“We’ll start to have tests out the door in the coming weeks, very soon. Again, that’s not the only place people can get tests,” Psaki maintained. “There are a range of ways people can get tests, online, again, you’ll know more about how you can be reimbursed for those tests from here. Go to different sites, there are federal sites opening up all around the country.”
The Omicron surge lasted about six weeks in South Africa before cases started falling. Cases began to surge in the United States in mid-December, and some experts believe the Omicron variant could start to decline by the end of January, based on patterns seen in other countries.
Doocy shifted his questioning to the Biden team’s plan to ship tests directly to Americans via the Postal Service.
“We understand that you guys plan to rely on the Postal Service to send out these free tests whenever they’re ready, but the Postal Service says they’re gonna have a staffing shortage because of your vaccine mandate,” Doocy said. “So would you pull back on the vaccine mandate if it meant getting people these free tests sooner?”
“The Postal Service also delivered 98, 99 percent of packages on time in advance of Christmas. And they also, their leaders also have said they’re eager to take on this challenge,” Psaki rebutted. “So we welcome that, and we’re looking forward to working with them to get these tests out to the public.”
The Biden team has continually said that COVID-19 is a “pandemic of the unvaccinated,” but Doocy pointed out that while vaccines make it less likely someone will catch or spread the virus, they clearly can’t prevent it.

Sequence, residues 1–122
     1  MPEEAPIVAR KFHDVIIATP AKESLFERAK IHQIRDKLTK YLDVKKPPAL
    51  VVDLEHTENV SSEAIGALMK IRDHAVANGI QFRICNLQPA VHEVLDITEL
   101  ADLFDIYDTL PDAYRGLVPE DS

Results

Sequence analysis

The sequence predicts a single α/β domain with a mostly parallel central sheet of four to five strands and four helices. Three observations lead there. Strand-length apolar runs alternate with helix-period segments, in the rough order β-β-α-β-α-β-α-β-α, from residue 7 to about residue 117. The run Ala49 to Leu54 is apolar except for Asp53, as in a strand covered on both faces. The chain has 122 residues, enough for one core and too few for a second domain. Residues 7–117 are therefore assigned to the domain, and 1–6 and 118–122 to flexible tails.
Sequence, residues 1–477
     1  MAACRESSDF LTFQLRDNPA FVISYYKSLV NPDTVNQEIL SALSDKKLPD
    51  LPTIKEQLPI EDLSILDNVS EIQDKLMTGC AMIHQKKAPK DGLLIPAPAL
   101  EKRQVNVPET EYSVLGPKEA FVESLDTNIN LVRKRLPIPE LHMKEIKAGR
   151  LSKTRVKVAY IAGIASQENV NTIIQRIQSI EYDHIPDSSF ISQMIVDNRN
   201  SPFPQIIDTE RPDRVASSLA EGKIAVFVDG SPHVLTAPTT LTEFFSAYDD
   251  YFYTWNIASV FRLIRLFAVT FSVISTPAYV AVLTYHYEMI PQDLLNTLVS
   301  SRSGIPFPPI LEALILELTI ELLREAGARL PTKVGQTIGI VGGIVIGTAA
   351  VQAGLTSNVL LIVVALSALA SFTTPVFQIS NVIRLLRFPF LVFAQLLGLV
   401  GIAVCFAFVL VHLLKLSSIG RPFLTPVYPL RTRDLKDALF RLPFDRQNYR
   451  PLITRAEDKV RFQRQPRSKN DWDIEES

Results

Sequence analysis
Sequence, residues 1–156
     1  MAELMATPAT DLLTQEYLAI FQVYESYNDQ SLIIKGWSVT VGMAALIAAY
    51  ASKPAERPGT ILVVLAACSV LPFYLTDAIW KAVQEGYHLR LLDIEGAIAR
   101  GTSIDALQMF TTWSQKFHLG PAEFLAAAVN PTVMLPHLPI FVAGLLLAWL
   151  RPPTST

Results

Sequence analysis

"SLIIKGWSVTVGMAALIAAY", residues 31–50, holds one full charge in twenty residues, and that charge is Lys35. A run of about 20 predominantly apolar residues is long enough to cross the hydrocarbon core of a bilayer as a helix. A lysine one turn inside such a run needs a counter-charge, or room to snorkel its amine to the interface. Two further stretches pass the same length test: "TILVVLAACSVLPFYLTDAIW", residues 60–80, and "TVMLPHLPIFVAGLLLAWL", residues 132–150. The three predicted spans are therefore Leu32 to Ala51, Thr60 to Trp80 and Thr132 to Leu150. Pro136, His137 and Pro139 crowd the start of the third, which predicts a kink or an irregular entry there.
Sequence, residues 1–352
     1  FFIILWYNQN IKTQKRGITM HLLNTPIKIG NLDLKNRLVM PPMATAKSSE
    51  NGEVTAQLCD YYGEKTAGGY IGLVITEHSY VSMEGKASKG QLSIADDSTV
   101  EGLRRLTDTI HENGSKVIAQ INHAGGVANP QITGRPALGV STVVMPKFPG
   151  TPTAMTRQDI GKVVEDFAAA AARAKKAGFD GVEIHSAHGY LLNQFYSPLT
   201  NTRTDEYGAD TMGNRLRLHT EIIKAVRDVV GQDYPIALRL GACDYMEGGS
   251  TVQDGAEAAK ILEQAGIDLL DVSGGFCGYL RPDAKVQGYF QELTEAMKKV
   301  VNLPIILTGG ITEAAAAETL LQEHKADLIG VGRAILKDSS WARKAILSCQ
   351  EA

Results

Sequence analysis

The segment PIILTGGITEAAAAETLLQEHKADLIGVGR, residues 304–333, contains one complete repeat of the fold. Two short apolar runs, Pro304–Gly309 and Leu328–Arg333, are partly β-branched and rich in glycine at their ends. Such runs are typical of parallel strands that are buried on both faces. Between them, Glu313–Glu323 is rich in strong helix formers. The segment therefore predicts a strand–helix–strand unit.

“The science says that vaccines prevent death. But, I’m triple-vaxxed, still got COVID. You’re triple-vaxxed, still got COVID. Why’s the president still referring to this as a pandemic of the unvaccinated?”
“I had been triple-vaxxed, I had minor symptoms. There is a huge difference between that and being unvaccinated,” Psaki explained. “You are 17 times more likely to go the hospital if you are not vaccinated, 20 times more likely to die. And those are significant, serious statistics, so yes the impact for people who are unvaccinated is far dire than those who are vaccinated.”
“Will the president update his language at some time to be more reflective of the fact that people who are triple-vaccinated are catching and spreading COVID?” Doocy pressed.
“I think the president has said, as have we a number of times, that there will be breakthrough cases, there will be people who get COVID,” replied Psaki. “But there is a significant difference between being hospitalized or dying and being vaccinated with more mild symptoms.”
Doocy concluded with a question about COVID-19 misinformation coming from liberal justices on the Supreme Court: “You guys have been very aggressive countering COVID misinformation. So what do you guys think about COVID misinformation coming from the Supreme Court, and Sonia Sotomayor’s false claim that over 100,000 children are in serious condition, many on ventilators.”
Psaki skirted the question, saying she wouldn’t comment on the oral arguments at the court over the administration’s vaccine mandates, but that they believe they have a strong legal case.